National Endowment for the Arts Statement on the Death of NEA Jazz Master Horace Silver
It is with great sadness that the National Endowment for the Arts acknowledges the passing of 1995 NEA Jazz Master Horace Silver. Working at the heart of the hard bop era, Silver helped to form the influential Jazz Messengers and composed many blues and gospel-flavored songs that have become part of the jazz canon.
Silver was exposed to music at an early age, hearing Cape Verde Islands folk music from his father. After a 1950 stint backing guest soloist Stan Getz, Silver was enlisted by Getz to join him on tour. In 1951, Silver moved to New York and quickly found work with Coleman Hawkins, Bill Harris, Oscar Pettiford, Lester Young, and Art Blakey. In 1952, he began what became a 28-year relationship with the Blue Note label. Between 1953-55 he played in the groundbreaking band the Jazz Messengers, co-led by Blakey.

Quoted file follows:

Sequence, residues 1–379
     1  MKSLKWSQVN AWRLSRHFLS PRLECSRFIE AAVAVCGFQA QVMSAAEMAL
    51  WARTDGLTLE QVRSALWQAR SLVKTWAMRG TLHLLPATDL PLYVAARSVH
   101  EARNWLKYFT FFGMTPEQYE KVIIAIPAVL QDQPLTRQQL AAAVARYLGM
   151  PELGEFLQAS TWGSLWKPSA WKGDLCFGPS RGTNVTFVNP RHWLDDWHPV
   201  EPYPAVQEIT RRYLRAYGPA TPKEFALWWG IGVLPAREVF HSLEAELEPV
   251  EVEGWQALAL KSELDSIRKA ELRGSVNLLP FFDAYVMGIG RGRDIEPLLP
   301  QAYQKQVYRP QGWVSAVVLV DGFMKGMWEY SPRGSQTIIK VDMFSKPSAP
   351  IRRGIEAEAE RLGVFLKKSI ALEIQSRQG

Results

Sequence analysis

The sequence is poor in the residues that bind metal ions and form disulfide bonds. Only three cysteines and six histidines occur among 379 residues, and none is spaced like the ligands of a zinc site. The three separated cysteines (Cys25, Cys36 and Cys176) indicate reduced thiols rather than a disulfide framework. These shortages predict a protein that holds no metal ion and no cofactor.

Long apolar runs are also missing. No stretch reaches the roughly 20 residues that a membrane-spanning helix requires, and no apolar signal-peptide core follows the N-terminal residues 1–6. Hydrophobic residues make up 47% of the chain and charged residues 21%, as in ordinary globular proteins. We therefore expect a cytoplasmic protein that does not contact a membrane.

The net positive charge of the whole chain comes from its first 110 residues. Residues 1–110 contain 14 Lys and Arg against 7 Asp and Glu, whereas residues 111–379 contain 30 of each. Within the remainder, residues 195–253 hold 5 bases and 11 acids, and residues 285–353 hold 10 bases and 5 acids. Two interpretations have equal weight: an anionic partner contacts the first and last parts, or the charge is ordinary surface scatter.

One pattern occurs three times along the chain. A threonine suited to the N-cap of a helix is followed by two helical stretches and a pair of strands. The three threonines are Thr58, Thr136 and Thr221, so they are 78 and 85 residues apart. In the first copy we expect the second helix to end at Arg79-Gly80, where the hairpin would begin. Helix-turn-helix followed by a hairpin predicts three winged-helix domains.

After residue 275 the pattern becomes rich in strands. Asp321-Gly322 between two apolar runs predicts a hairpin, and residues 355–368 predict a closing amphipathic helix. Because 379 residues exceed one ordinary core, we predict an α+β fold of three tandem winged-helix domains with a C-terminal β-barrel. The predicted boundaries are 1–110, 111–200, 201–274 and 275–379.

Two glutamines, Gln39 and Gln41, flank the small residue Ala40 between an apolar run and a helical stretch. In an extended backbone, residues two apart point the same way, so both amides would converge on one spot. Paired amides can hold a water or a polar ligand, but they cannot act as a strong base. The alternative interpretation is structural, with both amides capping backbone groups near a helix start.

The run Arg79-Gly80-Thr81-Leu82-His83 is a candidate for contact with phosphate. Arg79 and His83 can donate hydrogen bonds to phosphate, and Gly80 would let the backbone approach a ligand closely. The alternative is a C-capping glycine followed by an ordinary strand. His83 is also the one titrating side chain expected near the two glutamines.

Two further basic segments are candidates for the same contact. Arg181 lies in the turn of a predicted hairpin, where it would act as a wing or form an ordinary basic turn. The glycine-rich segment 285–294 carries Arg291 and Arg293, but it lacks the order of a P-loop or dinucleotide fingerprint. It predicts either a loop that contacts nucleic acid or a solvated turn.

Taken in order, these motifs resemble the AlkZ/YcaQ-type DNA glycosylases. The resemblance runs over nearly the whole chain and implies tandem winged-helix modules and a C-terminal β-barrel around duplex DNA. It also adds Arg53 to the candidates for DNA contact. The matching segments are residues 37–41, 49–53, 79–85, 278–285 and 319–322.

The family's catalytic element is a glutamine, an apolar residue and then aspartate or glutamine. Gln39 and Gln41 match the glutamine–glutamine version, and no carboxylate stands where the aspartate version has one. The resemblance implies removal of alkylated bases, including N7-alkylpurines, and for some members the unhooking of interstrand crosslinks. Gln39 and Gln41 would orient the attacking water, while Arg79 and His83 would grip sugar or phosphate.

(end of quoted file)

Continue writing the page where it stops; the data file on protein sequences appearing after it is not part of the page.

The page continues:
By 1956, Silver formed his own band and Blakey maintained the Jazz Messengers name as his own. Both Silver's band and the Jazz Messengers turned out to be proving grounds for a number of exceptional musicians. Silver's terse, funky playing has influenced pianists as disparate as Herbie Hancock and Cecil Taylor. For several years in the 1980s, he recorded on his own Silveto label and in the 1990s returned to the hard bop sound he helped create. His autobiography, Let's Get to the Nitty Gritty, was published in 2006.
For an extended biography and selected discography, go to http://arts.gov/honors/jazz/horace-silver
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